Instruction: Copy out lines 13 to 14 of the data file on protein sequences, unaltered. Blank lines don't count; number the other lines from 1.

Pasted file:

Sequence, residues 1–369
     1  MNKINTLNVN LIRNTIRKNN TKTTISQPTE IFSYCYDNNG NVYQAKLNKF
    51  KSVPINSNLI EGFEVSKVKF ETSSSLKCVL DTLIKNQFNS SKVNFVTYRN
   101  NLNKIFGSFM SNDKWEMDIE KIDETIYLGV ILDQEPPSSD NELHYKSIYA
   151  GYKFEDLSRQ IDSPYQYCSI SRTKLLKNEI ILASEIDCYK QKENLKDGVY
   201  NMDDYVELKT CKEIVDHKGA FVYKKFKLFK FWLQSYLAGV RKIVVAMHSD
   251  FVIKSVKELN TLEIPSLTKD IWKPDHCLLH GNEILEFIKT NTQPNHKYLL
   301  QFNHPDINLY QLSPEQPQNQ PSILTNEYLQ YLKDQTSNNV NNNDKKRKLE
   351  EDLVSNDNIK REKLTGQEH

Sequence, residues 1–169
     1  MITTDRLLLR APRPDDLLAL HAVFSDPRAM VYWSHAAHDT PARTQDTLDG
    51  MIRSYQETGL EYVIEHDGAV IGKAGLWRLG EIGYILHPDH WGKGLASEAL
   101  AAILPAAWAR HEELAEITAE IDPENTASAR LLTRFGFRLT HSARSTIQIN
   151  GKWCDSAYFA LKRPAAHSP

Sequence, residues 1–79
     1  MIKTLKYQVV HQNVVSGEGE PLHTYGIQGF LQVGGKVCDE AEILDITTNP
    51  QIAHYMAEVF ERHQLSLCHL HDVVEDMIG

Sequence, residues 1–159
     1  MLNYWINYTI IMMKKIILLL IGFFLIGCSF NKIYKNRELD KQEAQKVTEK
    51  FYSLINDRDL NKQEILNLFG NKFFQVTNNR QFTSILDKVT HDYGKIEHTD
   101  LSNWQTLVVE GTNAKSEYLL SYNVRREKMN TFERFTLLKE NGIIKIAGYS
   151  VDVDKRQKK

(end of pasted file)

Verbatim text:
   101  AAILPAAWAR HEELAEITAE IDPENTASAR LLTRFGFRLT HSARSTIQIN
   151  GKWCDSAYFA LKRPAAHSP